Machine vision has a wide range of applications in industrial automation: 2D Robot Vision. 2D vision systems use line-scan or area-scan cameras to capture photographic images that contain width and length, but no depth. By processing these images, they measure the visible characteristics of an object, and feed robotic handling systems data on its position, rotational orientation, and type.
Computer Numerical Control (CNC) machining is another form of automation used in the U.S. manufacturing industry. CNC machines are typically lathes that machine parts used in automobiles, for instance. To operate a CNC machine requires not only machinist skills but programming skills. Just go to any online job board and search for CNC machinist jobs and a job seeker will find hundreds if not thousands of open CNC jobs. Don’t let anyone tell you that the U.S. manufacturing industry is dying. It isn’t. But it’s a high technology business that requires a high technology employee.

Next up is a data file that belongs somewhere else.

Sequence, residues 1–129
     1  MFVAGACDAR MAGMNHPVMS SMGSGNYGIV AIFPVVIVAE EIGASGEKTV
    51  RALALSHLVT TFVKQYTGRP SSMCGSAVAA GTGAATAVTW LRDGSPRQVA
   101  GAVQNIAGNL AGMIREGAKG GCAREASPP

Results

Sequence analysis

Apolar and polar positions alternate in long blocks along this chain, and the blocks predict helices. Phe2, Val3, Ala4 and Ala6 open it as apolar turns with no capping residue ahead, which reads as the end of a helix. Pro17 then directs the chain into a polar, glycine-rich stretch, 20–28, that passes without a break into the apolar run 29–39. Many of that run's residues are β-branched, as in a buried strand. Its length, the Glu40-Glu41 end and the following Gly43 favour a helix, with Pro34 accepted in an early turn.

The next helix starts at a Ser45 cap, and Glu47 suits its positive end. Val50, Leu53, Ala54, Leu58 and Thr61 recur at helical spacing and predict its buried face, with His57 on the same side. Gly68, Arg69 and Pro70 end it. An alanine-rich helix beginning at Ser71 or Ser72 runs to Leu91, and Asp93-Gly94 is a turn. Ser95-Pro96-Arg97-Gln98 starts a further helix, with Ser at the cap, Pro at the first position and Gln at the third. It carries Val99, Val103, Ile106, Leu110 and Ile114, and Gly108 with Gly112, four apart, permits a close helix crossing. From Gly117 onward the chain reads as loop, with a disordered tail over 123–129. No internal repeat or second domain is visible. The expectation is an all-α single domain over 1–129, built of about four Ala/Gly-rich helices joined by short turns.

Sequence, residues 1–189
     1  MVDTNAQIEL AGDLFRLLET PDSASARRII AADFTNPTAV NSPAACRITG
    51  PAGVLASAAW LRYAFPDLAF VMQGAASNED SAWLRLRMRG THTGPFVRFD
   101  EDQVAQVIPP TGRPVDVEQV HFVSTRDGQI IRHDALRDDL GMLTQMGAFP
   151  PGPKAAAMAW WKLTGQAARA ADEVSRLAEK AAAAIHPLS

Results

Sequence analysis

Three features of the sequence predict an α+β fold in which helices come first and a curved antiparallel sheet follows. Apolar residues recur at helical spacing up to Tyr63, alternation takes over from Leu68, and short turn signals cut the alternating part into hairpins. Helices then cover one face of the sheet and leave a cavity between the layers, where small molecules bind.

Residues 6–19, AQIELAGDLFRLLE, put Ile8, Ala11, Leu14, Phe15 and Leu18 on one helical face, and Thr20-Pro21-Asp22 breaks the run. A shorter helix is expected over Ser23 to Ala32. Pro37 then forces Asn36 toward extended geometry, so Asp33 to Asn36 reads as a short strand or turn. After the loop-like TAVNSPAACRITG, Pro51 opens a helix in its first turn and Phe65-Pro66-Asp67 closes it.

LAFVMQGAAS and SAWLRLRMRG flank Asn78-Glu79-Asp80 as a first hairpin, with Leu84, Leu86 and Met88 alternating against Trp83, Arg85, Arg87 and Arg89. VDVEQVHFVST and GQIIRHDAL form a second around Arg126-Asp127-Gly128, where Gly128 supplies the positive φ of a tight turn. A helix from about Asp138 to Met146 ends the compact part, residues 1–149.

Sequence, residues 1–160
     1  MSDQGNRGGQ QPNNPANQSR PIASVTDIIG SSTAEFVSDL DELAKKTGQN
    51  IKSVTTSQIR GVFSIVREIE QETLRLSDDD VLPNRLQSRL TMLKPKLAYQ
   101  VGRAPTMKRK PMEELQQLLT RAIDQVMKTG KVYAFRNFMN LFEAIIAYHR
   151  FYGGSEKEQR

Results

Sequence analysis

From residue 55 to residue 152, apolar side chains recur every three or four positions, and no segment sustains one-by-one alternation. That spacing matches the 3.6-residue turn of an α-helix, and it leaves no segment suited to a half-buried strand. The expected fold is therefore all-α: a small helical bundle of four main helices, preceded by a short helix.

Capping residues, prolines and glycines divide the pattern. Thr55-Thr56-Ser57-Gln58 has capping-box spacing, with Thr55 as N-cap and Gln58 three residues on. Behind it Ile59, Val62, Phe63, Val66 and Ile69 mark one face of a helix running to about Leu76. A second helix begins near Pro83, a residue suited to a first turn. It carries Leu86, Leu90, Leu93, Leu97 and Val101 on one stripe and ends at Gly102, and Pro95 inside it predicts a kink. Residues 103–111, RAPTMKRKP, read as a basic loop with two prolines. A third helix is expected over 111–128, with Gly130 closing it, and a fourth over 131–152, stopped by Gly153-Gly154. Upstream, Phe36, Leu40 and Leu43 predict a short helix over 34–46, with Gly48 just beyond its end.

ABB’s small IRB 120 multipurpose industrial robot weighs 25kg and can handle a payload of 3kg (4kg for vertical wrist) with a reach of 580mm. It is a cost-effective and reliable choice for generating high production outputs in return for low investment. A white finish Clean Room ISO 5 (Class 100) version, certified by IPA, is available.
Some have suggested – Hillary Clinton, The DNC, President Obama, Bernie Sanders, that it ought to be raised to $15.00 per hour, ouch, this will close car washes, retail stores, small businesses, fast food restaurants and it will cause companies to automate and ditch their labor costs all together – you think I am blowing smoke – Nope! Let me give you an example of where this is happening right now.
Pharmaceutical companies use machine vision systems in automated production lines to inspect injection needles, which are unusable if blunt or bent. Multiple cameras photograph needles as they flow through the system on powered conveyors. Sophisticated computer software analyses the captured images to determine needle sharpness and check the contour of the tube. Industrial robots use this information to separate and discard defect needles.